Wormwood Vase

Accession Number

Wormwood Vase

Dale Nish

Object Creation Date

Medium & Support
wormy ash

4 1/2 x 4 x 4 in. (11.43 x 10.16 x 10.16 cm)

Credit Line
Gift of Robert M. and Lillian Montalto Bohlen

Label copy
Dale Nish
Born 1932, Cardston, Alberta, Canada
Lives and work in Provo, Utah
Wormwood Vase
Wormy ash
Gift of Robert M. and Lillian Montalto Bohlen, 2002/2.172
Geoffrey Wilkes
Born 1951, Jacksonville, Florida
Lives and works in Gerrardstown, West Virginia
Gift of Robert M. and Lillian Montalto Bohlen, 2002/2.184
Starting in the 1980s, woodturners developed a number of working methods that deemphasized wood’s natural appearance. Dale Nish uses worm-eaten ash as his signature material. The worm holes take the place of woodgrain patterning, which Nish further reduces by sandblasting and bleaching his turned vessels.
Geoffrey Wilkes works around his wood’s deformities and natural formations while highly polishing other areas. The resulting contrast of smooth and rough on dark-colored manzanita wood simulates the look of polished stone.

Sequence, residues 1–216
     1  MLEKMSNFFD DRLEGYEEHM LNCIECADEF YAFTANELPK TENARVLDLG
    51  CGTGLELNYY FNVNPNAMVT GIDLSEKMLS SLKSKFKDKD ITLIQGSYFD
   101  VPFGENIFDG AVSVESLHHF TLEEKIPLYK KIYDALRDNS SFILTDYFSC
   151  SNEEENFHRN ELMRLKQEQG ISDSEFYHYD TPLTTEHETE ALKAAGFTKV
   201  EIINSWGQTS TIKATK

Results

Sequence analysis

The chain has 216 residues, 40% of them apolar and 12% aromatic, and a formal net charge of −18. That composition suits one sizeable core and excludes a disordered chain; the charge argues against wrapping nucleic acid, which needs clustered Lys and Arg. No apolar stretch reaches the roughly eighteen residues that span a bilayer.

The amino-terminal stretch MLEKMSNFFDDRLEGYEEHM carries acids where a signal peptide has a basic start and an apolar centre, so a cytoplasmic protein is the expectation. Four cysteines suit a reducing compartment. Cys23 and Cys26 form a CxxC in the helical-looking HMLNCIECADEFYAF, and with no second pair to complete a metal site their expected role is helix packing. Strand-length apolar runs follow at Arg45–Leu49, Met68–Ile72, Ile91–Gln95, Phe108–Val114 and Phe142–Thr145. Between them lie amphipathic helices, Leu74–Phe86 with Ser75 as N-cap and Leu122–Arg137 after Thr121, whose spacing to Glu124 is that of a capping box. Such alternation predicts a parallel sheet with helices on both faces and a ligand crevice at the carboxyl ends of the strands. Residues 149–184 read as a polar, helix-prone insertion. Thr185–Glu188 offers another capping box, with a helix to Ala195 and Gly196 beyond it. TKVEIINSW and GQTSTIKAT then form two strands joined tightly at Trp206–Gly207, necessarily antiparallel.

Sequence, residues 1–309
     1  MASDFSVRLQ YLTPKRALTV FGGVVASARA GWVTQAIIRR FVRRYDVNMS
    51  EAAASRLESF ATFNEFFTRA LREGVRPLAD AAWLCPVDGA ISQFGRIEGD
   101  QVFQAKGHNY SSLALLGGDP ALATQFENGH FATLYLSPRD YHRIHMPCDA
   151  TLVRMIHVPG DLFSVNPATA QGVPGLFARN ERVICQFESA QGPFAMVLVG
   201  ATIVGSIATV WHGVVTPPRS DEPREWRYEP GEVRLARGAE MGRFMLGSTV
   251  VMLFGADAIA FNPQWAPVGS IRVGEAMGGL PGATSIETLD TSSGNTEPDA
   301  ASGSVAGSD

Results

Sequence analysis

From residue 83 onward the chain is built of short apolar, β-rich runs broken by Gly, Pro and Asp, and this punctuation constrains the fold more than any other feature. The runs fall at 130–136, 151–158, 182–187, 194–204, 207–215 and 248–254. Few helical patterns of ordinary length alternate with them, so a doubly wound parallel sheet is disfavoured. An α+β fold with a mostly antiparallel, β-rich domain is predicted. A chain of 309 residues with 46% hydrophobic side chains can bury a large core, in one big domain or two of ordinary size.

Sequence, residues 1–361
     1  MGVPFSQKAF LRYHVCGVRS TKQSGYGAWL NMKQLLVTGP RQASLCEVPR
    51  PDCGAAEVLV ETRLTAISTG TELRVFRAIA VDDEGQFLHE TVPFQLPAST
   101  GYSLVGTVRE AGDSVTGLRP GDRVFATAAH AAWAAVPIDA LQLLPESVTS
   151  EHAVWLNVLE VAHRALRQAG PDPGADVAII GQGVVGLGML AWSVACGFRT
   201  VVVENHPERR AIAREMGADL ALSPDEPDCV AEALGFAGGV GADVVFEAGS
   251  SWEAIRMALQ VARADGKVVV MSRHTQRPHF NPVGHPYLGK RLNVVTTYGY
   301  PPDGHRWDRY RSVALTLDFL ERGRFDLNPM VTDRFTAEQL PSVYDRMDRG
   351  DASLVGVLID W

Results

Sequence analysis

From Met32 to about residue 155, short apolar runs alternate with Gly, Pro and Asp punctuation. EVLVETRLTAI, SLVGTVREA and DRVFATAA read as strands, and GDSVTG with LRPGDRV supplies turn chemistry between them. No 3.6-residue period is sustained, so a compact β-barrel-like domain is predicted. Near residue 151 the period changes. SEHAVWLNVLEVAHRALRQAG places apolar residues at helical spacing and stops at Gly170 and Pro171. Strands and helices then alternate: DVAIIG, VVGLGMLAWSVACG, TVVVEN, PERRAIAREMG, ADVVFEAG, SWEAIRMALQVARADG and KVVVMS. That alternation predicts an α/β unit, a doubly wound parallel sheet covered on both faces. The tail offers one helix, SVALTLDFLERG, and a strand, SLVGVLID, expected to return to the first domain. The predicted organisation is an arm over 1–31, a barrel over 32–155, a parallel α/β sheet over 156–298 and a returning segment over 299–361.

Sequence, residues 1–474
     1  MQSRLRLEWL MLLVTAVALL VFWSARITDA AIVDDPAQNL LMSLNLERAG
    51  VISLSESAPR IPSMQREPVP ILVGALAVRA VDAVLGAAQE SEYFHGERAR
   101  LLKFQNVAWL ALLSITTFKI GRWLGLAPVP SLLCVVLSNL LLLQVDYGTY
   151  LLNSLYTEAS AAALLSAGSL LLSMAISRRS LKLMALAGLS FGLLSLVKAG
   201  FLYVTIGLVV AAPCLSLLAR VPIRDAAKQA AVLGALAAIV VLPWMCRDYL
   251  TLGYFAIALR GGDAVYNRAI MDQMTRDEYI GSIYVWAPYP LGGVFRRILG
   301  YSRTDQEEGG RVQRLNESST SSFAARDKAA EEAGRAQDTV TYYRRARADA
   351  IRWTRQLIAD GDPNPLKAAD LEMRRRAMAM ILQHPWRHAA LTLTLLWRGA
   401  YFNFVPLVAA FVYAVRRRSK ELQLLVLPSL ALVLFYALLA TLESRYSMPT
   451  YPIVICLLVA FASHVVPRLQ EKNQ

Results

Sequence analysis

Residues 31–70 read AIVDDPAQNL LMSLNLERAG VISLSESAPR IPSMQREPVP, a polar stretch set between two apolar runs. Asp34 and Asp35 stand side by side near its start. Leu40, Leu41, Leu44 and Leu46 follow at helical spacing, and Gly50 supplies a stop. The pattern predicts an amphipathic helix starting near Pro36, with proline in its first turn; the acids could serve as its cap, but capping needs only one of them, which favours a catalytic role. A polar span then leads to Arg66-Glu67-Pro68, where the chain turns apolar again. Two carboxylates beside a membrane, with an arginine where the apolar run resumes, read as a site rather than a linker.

(Out of the Ordinary, 2010)
One of the foremost woodturning masters, Dale Nish typically works with wormy ash to create his lightweight, classical forms. This type of wood is characterized by numerous tunnels eaten away by boring insects, resulting in a sort of “defect” in the wood.
In both of these works Nish exploits the wormy wood to its fullest potential. Light flows through the worm holes creating an intricate lace-like design evocative of the intentional piercing technique meticulously carved by other wood artists.
Nish elevates a material that would normally be considered damaged or unsightly and highlights the inherent beauty in its “defect.” Here he created a sculptural aesthetic in his work, bringing the inherent qualities of the medium—grain, color and interesting imperfections—to the forefront.
from the exhibition Nature Transformed: Wood Art from the Bohlen Collection, June 12 – October 3, 2004

Physical Description
small sandblasted wood vase displaying holes and trails eaten by worms

Primary Object Classification
Wood and Woodcarving

Primary Object Type

Collection Area
Modern and Contemporary

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vessels (containers)
wood (plant material)

& Author Notes

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